October 22, 1993
You have requested a ruling on behalf of ("Corporation") with respect to G.L. c. 63, § 38B. Your question is whether Corporation can be classified as a security corporation where it holds a products liability insurance policy which pertains to potential claims which might arise as a result of Corporation's prior business.
I. Facts
Corporation is a Massachusetts corporation which was incorporated in 1946. Prior to November 30, 1989 (the "Sale Date") Corporation serviced and sold parts for heavy construction equipment under a different name, ("Prior Co."). On the Sale Date Corporation sold its operating assets and the use of its name to an unaffiliated corporation.
During its years as Prior Co., Corporation maintained products liability insurance (the "Insurance") to protect and preserve its assets. Subsequent to the Sale Date, Corporation continued to maintain this insurance. When the current policy expires, Corporation intends to renew it.
Corporation has approximately dollars invested in Massachusetts municipal bonds. It has no employees.
II. Discussion
General Laws c. 63, § 38B provides preferential excise tax treatment for every domestic business corporation or foreign corporation that is not a DISC "which is engaged exclusively in buying, selling, dealing in or holding securities on its own behalf and not as a broker." The exclusivity requirement in this provision is to be strictly construed. "The fact that a major portion of [a corporation's] activities may have fit the statutory definition does not satisfy the statutory requirement." State Tax Commission v. PoGM Co., 369 Mass. 611, 613 (1976). See Chatham Corporation v. State Tax Commission, 363 Mass. 216, 219 (1972).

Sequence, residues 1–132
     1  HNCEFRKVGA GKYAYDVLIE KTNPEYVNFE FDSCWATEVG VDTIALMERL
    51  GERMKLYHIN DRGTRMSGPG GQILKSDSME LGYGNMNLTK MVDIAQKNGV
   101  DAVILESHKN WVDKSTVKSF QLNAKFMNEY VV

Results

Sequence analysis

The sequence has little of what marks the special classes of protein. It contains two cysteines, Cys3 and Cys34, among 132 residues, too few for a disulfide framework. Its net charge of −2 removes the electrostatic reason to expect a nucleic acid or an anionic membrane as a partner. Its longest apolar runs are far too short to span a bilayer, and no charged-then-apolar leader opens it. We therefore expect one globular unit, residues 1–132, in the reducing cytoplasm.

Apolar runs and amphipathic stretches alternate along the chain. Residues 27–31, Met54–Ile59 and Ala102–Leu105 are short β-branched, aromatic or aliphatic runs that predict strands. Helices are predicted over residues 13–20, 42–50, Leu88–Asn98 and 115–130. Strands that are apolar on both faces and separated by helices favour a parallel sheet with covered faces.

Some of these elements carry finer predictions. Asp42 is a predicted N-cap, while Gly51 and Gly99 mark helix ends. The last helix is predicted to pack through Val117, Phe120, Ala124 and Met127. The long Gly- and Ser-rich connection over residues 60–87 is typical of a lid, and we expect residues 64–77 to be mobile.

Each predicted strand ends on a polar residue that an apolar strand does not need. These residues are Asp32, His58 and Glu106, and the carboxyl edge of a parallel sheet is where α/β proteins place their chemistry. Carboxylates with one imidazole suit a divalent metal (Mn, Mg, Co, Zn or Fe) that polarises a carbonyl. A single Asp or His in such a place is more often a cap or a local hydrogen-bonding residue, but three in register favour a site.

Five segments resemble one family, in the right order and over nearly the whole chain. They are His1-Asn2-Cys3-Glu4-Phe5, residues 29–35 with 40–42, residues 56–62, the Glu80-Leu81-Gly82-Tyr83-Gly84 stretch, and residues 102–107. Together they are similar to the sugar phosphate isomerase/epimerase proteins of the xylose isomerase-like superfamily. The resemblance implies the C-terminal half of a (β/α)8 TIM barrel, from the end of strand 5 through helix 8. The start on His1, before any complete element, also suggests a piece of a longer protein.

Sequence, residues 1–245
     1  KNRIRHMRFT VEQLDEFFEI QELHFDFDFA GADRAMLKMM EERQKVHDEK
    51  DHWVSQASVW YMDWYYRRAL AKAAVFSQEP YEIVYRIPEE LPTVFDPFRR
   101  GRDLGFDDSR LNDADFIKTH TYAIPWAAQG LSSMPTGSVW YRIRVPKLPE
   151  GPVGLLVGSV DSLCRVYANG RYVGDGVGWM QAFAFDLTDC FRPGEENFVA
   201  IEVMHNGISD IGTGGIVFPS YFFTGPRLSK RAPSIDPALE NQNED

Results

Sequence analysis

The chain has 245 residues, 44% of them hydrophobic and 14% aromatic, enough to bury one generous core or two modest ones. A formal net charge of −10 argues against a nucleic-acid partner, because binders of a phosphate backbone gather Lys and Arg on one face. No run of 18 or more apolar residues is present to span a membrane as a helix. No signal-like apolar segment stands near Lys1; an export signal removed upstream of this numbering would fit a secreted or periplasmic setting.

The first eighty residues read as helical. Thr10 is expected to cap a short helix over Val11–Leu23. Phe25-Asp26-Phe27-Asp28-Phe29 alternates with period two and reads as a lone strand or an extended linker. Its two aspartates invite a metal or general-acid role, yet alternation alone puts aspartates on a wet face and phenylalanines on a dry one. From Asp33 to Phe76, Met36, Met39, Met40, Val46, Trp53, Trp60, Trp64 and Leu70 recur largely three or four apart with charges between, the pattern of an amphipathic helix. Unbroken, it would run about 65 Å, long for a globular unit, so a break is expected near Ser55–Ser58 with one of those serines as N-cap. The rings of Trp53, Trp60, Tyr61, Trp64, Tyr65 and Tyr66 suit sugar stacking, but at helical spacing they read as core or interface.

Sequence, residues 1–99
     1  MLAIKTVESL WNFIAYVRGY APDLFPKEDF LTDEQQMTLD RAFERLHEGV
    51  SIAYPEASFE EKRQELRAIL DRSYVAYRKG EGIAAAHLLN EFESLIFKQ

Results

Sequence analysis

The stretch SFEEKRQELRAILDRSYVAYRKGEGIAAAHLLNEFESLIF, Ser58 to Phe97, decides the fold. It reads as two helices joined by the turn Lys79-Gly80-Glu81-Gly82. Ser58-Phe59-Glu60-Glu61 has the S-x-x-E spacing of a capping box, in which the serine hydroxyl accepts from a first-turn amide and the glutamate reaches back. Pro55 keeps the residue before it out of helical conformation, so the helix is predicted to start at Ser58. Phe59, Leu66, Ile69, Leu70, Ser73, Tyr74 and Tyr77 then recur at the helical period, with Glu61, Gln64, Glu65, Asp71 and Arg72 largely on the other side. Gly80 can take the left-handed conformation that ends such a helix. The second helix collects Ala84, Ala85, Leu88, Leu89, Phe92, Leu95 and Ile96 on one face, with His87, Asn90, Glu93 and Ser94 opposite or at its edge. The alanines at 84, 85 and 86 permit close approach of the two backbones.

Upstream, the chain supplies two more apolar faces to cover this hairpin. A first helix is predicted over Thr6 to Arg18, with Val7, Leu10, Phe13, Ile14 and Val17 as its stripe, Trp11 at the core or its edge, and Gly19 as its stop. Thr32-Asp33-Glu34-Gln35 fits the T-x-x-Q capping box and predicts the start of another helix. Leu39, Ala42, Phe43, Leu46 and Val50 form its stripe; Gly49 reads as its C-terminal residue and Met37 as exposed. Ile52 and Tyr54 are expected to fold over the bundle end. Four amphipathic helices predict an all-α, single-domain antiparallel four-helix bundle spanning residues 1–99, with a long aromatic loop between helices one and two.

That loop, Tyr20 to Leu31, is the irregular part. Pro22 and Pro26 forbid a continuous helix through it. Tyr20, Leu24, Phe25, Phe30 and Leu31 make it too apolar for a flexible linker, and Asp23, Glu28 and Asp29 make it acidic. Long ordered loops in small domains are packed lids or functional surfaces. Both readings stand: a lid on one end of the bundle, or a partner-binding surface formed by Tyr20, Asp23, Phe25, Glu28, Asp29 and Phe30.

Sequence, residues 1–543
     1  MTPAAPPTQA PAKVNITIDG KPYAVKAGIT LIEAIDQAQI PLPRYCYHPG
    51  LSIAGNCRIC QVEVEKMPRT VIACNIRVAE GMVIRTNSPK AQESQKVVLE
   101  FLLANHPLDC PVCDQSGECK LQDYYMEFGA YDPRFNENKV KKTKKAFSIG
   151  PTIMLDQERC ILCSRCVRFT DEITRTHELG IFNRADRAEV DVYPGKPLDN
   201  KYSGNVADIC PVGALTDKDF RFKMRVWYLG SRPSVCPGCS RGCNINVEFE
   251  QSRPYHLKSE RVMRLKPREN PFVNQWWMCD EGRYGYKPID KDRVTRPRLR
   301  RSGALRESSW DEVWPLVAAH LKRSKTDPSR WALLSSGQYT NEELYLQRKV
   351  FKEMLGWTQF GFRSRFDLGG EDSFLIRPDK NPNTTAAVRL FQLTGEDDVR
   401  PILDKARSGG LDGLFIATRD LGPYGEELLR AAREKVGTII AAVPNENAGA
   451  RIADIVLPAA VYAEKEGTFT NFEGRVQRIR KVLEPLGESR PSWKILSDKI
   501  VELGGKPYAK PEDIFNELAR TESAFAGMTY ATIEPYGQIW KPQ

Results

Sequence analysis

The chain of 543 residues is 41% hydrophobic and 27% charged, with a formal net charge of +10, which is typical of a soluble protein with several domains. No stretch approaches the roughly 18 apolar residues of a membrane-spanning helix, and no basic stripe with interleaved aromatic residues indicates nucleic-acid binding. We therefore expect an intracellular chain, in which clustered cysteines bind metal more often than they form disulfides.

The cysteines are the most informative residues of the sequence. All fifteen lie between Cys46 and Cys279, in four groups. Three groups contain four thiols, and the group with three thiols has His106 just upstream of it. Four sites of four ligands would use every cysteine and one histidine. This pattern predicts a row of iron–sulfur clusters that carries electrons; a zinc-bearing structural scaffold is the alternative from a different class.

Previously, we have recognized that a security corporation may own assets that are necessary in the conduct of its investment business, such as office furniture and supplies, and key man life insurance. See LR 86-1. In LR 86-1 we extended this logic to a situation where a security corporation purchased annuities to meet pre-existing obligations (in the nature of deferred compensation) to corporate employees. These obligations had arisen during the corporation's time as an operating company, prior to its request for classification under c. 63, § 38B.
The facts here are sufficiently analogous to those in LR 86-1. The Corporation maintains the Insurance to insulate its assets from liability. While products liability insurance is not typically necessary in the context of an investment business, it is in this instance due to the Corporation's prior activities. While the Corporation once engaged in business activity which is impermissible under c. 63, § 38B, it has ceased these activities.
III. Conclusion
The mere acquisition and ownership of the Insurance will not preclude the Corporation from being classified as a security corporation. Moreover, Corporation may, as a security corporation, hold the Insurance and renew it upon expiration, so long as it otherwise meets with the requirements of c. 63, § 38B.
Very truly yours,
Mitchell Adams
Commissioner of Revenue
October 22, 1993
LR 93-15